Posts: 2235 | Location: Huntsville, AL United States | Registered: November 30, 2002Reply With QuoteReport This Post
Gold Card Talk Member
Picture of mykdude
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quote:
Originally posted by Bill Mullins:
quote:
Originally posted by mykdude:
It would be nice if celebrities would generally refuse to sign items with questionable copyright and logo information on them.


That means that hardly any customs would get signed.


Not if you make your customs without legal, licensing, manufacture or media distribution logos.

I get you could argue that the images are copyrighted but I think personal use laws offer some protection in that area. If I hand a celebrity 2 or 3 different customs that is a bit different than dropping 50 or a 100 which would obviously indicate some level of business.

In most cases the cost of making the card, getting to the con and paying for the signature will be more than what it will sell for. I know I would have to make quite a bit of money for my custom collection to break even. Wink

Main thing is there is nothing on them to indicate a legitimate licensed set. Plus I think it is more fun to come up with my own designs and not rip off what someone else has already done. Although the RA full bleed cards are so ridiculously simple it can be difficult not to accidently copy it from time to time. Roll Eyes

____________________
Just because it's rare doesn't mean it's valuable.
 
Posts: 4918 | Location: Tennessee | Registered: March 09, 2002Reply With QuoteReport This Post
Diamond Card Talk Member
Picture of Raven
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I wasn't really talking about unlicensed custom cards when I brought up this issue of a "hand signed replica". I was talking about descriptions of autograph cards on eBay that you have to dissect word by word to try to figure out if the thing was really signed by anybody or was just "pretend" signed. I blame eBay for not putting in a rule, among its many rules, that sellers can't use words as loopholes and have to state definitively whether an autograph is hand signed by the actual person or has been artificially reproduced or copied in any manner, so that it is not an actual signature signed by that person. It should be pretty simple to tell people what you are selling.

Custom cards on eBay is a different subject.

Some of them do have authenticate autographs. Some of them have reproduced autographs. Some of them display logos that they have no rights to carry. Some of them don't infringe on other licensed companies. Some of them look like garbage and some of them are very well done. Some of them prominently declare that they are custom made. Some of them seem to try to make you guess and some of them don't say a word about it. But the mere fact that they are all up on eBay is a problem that is growing.

i have noticed that custom cards on eBay have become a "cottage industry" within a fairly short time. A lot of them claim to have authentic autographs and many of them are achieving that through what they claim are authentic "cut" signatures. Look around and some of the really big stars have custom made autograph cards. The selling price is way less than their licensed certified autograph cards, but they aren't cheap either. So what gives with this?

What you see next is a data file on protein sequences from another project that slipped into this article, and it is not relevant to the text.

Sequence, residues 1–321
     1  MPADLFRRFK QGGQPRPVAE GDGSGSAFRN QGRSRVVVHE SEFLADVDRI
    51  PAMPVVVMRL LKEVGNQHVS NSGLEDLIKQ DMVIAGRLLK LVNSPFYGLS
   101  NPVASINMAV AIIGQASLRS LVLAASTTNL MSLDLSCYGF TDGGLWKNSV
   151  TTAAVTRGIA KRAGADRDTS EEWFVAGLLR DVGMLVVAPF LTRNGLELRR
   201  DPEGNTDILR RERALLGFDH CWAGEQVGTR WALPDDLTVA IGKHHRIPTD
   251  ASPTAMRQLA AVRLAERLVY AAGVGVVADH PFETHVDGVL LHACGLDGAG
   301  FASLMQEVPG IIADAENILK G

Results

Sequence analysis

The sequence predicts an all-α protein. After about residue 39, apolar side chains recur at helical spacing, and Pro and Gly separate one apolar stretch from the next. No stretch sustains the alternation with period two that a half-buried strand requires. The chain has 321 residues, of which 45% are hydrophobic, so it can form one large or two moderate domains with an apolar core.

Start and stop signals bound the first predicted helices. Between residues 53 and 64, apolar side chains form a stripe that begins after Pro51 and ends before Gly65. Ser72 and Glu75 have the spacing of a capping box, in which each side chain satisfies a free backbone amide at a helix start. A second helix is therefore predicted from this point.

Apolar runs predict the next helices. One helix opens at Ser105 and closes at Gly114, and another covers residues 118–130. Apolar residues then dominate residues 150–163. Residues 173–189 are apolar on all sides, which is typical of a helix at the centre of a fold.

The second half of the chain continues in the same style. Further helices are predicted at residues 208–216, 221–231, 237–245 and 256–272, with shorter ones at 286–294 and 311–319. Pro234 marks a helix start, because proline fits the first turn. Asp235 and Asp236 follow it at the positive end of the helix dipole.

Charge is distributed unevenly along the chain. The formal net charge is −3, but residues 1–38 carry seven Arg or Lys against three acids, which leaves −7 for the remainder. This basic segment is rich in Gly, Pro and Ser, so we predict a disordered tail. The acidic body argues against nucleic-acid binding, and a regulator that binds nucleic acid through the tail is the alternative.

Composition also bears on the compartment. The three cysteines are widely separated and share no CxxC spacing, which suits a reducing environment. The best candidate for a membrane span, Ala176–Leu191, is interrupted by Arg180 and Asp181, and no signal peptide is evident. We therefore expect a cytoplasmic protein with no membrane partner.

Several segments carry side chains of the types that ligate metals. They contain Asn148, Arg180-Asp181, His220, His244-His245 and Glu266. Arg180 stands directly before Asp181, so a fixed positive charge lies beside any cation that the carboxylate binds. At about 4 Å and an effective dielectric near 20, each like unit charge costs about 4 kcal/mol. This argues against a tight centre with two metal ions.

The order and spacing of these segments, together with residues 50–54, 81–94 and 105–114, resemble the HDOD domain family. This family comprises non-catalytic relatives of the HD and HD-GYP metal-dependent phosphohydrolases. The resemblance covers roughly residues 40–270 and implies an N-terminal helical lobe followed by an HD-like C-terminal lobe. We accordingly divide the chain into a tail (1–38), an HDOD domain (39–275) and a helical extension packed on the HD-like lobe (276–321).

Well, again if eBay is so concerned about authenticity, it should probably take a look at what is being sold as custom cards on its platform. I don't know if eBay would put many custom autographed cards through its authenticity program, but few might qualify for it by the price point or by description. Custom cards by their nature are meant for the enjoyment of the collector and/or maker and are not mass produced for sale.

Well, they are certainly easy to find on eBay now, so someone is cranking them out. As a personal hobby I see nothing wrong with creating custom cards, with or without autographs. However if they are being made in quantity for the sole purpose of sale, then it becomes a business with a lot of questions and problems. Again I blame eBay for not minding the store, but taking the fees any way.
 
Posts: 10489 | Location: New York | Registered: November 20, 2007Reply With QuoteReport This Post
Diamond Card Talk Member
Picture of Raven
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BTW, the "hand signed replica" ended at $125.50.
 
Posts: 10489 | Location: New York | Registered: November 20, 2007Reply With QuoteReport This Post
Gold Card Talk Member
Picture of mykdude
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quote:
Originally posted by Raven:
BTW, the "hand signed replica" ended at $125.50.



Seller definitely lost money if they were the ones who submitted the card. Last year Twin Cities Con had $250 for the low end Clarke signature.

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Just because it's rare doesn't mean it's valuable.
 
Posts: 4918 | Location: Tennessee | Registered: March 09, 2002Reply With QuoteReport This Post
Silver Card Talk Member
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Let me say up front -- I've got no problems personally with custom cards. Some of them are very nice, and I've got some ideas about making some that I'd like to follow up on myself (I want a Deadwood set . . . ).

But: 95% or more of all customs I've seen have, at least, a screen shot of a copyrighted movie or TV show. Most of them have a logo from the show, which would be copyrighted and often trademarked. The people being pictured have the right to control the use of their images. And "legitimate" manufacturers have paid a lot of money for exclusive rights to make licensed sets. Buy a custom Star Trek card, and Rittenhouse is one of the companies you are stealing from. Custom cards, in terms of licenses and intellectual property, are dumpster fires.